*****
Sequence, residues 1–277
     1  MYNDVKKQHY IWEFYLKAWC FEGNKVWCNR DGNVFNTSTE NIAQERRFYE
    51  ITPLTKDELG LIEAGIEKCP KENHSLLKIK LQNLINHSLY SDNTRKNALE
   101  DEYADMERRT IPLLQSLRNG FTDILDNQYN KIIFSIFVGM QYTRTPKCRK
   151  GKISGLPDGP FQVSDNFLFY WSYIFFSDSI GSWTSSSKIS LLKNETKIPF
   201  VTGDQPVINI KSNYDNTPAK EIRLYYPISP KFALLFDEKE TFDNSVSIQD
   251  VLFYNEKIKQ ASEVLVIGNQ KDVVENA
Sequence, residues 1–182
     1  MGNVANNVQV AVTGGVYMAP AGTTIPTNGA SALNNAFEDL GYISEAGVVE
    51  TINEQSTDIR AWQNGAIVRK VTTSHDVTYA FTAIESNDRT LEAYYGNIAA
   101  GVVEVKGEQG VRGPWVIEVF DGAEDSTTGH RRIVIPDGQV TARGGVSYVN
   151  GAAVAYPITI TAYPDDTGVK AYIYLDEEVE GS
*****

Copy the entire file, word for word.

Sequence, residues 1–277
     1  MYNDVKKQHY IWEFYLKAWC FEGNKVWCNR DGNVFNTSTE NIAQERRFYE
    51  ITPLTKDELG LIEAGIEKCP KENHSLLKIK LQNLINHSLY SDNTRKNALE
   101  DEYADMERRT IPLLQSLRNG FTDILDNQYN KIIFSIFVGM QYTRTPKCRK
   151  GKISGLPDGP FQVSDNFLFY WSYIFFSDSI GSWTSSSKIS LLKNETKIPF
   201  VTGDQPVINI KSNYDNTPAK EIRLYYPISP KFALLFDEKE TFDNSVSIQD
   251  VLFYNEKIKQ ASEVLVIGNQ KDVVENA
Sequence, residues 1–182
     1  MGNVANNVQV AVTGGVYMAP AGTTIPTNGA SALNNAFEDL GYISEAGVVE
    51  TINEQSTDIR AWQNGAIVRK VTTSHDVTYA FTAIESNDRT LEAYYGNIAA
   101  GVVEVKGEQG VRGPWVIEVF DGAEDSTTGH RRIVIPDGQV TARGGVSYVN
   151  GAAVAYPITI TAYPDDTGVK AYIYLDEEVE GS